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ORLANDO, Fla. — Florida A & M University's Marching 100 had played at a Super Bowl and before U.S. presidents. But one of the nation's most-celebrated marching bands had a dark secret: members were occasionally beaten with mallets, fists and drumsticks in a hazing initiation known as "crossing" Bus C.
The trial of four band members is scheduled to start Monday on charges of felony hazing and manslaughter, almost three years after drum major Robert Champion died from being beaten during that ritual. His death shone a spotlight on hazing at FAMU and other colleges, caused the band to be suspended for over a year and contributed to the resignation of FAMU's president.
Hours after a football game in Orlando in November 2011, band members boarded Bus C parked outside a hotel. They pummeled Champion, 26, and two other band members as they tried to wade their way through a pounding gauntlet of fists, drumsticks and mallets from the front to the back of the bus.
After making it to the back, Champion vomited and complained of trouble breathing. He soon fell unconscious and couldn't be revived. He died from hemorrhagic shock and his autopsy showed extensive internal bleeding.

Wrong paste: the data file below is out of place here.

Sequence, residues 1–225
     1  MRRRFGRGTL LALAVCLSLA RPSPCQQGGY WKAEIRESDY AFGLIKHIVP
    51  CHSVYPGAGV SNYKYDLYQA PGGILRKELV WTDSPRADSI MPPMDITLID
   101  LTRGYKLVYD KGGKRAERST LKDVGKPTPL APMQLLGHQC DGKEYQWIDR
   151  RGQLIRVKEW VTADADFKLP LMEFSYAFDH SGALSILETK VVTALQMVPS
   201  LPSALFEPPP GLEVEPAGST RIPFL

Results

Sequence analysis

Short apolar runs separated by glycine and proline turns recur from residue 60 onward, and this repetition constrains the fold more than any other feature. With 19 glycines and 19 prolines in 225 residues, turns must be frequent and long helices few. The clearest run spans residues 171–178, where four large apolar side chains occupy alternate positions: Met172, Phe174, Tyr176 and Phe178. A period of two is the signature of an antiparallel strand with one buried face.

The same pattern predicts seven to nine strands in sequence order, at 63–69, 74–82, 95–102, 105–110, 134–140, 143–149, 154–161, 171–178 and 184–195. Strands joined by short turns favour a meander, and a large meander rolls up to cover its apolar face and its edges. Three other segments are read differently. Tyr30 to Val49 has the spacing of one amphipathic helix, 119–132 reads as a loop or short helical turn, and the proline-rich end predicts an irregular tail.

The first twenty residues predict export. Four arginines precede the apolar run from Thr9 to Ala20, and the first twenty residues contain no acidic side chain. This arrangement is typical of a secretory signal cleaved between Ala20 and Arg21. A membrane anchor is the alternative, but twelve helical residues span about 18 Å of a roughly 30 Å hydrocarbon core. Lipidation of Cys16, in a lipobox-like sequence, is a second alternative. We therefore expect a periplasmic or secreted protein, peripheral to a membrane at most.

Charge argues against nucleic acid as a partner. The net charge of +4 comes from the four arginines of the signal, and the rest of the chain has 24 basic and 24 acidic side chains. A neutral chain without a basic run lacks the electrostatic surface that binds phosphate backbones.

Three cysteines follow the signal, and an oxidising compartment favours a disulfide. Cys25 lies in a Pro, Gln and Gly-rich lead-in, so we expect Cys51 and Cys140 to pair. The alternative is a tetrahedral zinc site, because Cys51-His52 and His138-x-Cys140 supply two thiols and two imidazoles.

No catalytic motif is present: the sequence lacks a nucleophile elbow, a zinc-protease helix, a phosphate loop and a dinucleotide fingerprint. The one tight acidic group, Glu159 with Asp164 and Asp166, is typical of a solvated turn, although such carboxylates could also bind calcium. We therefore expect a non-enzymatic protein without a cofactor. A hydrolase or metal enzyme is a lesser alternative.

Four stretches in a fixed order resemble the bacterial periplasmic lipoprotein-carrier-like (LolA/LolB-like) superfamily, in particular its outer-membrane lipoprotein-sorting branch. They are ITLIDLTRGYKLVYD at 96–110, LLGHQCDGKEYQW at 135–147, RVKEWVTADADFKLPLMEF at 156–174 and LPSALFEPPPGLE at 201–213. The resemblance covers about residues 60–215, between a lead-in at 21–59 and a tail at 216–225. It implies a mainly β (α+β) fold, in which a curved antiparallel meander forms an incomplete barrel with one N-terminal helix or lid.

Fifteen former band members originally were charged with manslaughter and hazing in the death of Champion, of Decatur, Georgia. All but the four remaining defendants have had their cases settled, and several of them will be called as witnesses to describe what happened on the bus.
Darryl Cearnel, Aaron Golson, Benjamin McNamee and Dante Martin have pleaded not guilty. But a late challenge by the attorneys for Cearnel, Golson and McNamee about the inclusion of an additional hazing charge could delay trials for those defendants. Once it begins, the trial could last two weeks.
State Attorney Jeff Ashton said he wants jurors to learn about the history of hazing in FAMU's marching band so they understand that what happened on the bus was a "consistent pattern."
"They got on the bus for one thing and that is to break the law," Ashton said at a recent hearing.
Defense attorneys have challenged Florida's anti-hazing law, claiming that statute is so vague that what happened on the band bus can be considered a competition, not hazing.
"The hazing statute, the way it is written is crazy," Dino Michaels, one of the attorneys for Martin, said at a recent pretrial hearing.
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